US Healthcare Demand, Part 1: ‘Baseline’ Growth

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This note quantifies a ‘baseline’ rate of real growth in US healthcare demand, which we define as the rate of growth one would expect sans any upcoming secular, cyclical, or reform effects

We estimate baseline growth of 4.8% +/- 0.9% through 2021. This consists of 80bp population growth, 70bp population aging effect, 2.1% increase in age-adjusted per capita utilization, and 1.2% real pricing

This 4.8% estimate of forward real demand growth is 80bp higher than occurred since 1990, but on par with real demand growth since 1970. Most recent (2Q12) real demand growth (for health services only) was just 1.8%, well below historic averages and our forward ‘baseline’ estimate. The current (2Q12) growth rate in age-adjusted per capita utilization (1.2%) is almost half the ‘normal’ or ‘baseline’ rate, reflecting high rates of unemployment (and thus low penetration of employer-sponsored health insurance)

Healthcare trades at a relative (trailing) PE of 0.95x the broader SP500; below the longer-term trend of 1.06x. If the market genuinely expected our baseline of 4.8% real demand growth the relative multiple should be >1.0x. This suggests the market believes the net impact of secular, cyclical, and/or reform effects will be to reduce demand growth below the baseline rate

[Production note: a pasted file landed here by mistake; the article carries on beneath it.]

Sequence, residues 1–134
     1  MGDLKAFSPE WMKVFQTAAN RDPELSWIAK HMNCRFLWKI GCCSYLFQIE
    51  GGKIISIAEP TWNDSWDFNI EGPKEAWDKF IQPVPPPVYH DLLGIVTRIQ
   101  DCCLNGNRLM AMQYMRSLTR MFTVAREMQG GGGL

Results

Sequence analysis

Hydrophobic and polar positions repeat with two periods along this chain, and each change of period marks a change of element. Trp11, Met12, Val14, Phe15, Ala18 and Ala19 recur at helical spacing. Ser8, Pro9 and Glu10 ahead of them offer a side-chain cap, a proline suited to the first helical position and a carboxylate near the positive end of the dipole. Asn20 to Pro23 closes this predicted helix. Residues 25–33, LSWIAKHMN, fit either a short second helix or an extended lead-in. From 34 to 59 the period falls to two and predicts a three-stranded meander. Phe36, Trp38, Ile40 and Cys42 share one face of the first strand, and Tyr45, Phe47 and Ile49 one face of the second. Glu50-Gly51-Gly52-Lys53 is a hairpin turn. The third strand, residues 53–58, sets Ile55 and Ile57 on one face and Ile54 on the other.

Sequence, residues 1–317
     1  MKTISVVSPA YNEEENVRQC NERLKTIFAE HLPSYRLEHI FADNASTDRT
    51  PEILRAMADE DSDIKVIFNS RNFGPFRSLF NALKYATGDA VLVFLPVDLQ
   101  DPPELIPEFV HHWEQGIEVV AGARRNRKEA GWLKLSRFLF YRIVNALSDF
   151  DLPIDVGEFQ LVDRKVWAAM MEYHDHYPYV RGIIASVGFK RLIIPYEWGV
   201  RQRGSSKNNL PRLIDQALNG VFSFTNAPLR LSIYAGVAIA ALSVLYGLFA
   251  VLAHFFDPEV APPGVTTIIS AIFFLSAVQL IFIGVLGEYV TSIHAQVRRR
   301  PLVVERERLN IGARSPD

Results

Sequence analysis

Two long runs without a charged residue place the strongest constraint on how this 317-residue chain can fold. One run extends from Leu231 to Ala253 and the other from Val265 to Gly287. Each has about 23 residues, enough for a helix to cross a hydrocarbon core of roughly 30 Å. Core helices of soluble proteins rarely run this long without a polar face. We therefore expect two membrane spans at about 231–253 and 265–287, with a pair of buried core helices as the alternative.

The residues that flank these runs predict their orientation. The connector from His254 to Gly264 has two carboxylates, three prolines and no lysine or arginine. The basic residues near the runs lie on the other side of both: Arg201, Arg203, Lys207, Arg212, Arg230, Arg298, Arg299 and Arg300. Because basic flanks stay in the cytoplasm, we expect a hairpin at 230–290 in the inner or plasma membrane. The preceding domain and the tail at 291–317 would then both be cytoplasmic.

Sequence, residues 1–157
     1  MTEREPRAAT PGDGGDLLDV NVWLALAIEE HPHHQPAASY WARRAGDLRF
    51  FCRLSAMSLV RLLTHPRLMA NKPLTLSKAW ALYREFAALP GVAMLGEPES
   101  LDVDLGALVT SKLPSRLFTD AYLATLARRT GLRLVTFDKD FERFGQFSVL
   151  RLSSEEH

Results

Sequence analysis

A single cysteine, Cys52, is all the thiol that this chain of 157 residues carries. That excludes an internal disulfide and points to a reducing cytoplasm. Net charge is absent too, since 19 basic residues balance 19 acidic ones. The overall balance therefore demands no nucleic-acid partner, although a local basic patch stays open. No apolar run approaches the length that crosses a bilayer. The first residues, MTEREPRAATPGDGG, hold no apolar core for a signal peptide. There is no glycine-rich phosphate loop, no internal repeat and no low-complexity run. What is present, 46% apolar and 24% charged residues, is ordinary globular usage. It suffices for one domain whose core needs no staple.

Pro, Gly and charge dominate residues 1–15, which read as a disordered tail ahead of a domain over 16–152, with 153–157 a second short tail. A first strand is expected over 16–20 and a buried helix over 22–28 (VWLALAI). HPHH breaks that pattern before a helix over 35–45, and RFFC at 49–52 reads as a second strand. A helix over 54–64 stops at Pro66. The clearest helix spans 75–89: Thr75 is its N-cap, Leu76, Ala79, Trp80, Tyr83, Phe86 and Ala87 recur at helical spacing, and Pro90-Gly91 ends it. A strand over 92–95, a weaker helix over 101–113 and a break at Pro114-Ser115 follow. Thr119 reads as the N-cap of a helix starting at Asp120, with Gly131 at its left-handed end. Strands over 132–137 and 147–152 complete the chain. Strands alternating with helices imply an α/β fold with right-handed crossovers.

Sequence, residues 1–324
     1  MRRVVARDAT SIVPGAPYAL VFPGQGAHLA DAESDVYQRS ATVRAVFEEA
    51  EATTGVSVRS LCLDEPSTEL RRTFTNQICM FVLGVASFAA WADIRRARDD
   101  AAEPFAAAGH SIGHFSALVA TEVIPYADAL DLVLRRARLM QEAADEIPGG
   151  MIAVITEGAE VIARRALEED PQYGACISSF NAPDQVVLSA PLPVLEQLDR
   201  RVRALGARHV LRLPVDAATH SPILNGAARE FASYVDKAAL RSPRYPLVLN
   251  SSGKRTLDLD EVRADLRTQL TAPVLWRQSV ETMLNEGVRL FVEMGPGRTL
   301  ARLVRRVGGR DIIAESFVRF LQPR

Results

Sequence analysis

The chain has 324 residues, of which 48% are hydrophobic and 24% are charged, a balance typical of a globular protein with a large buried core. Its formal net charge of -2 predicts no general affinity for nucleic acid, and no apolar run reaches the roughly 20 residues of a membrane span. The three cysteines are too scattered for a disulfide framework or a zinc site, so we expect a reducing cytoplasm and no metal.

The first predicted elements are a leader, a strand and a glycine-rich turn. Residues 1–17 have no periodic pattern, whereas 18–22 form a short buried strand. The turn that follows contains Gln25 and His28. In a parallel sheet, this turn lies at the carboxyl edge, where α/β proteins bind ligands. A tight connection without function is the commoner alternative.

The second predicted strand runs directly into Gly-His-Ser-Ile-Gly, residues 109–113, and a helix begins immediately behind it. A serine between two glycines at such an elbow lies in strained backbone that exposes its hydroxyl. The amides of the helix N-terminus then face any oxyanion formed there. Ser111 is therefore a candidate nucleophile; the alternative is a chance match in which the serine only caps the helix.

Judging by the pattern of valuations across healthcare sub-sectors, the market has confidence in underlying unit demand, but skepticism regarding future contributions of innovation and pricing

Non-Rx Consumables (e.g. BCR, BDX, OMI, CFN) and Diagnostic Laboratories are far more reliant on underlying volume demand than on innovation or real pricing power; these sub-sectors trade at parity to the SP500, which implies market faith in underlying demand volumes

Hospitals and Commercial HMOs trade at steep discounts to the SP500 (0.7x and 0.8x, respectively); given the market’s apparent expectation of strong unit demand, the discount almost certainly reflects non-volume related concerns. Hospital valuations imply negative real pricing; this assumption is too severe, and we see Hospitals as a value. Commercial HMOs imply some combination of rising MLRs near-term and disintermediation middle- to longer-term; we expect stable MLRs and see the Commercial HMOs as a value in front of the reform roll-out; however after the roll-out of reforms disintermediation pressures are likely to build steadily if employers shift employees to health insurance exchanges

Major Pharmaceuticals trade at a discount to healthcare and the SP500, implying either or a combination of two scenarios: continued mix erosion even after the current generic ‘wave’; and/or lost real pricing power. Both of these pressures are likely, so the discount makes complete sense. In contrast Biotech trades at a premium; we believe this fairly reflects longer product lifecycles and more sustainable pricing power than is the case with more traditional drugs. Current valuations give Biotech only limited credit for probable levels of innovation and pricing power, and if anything appear too low

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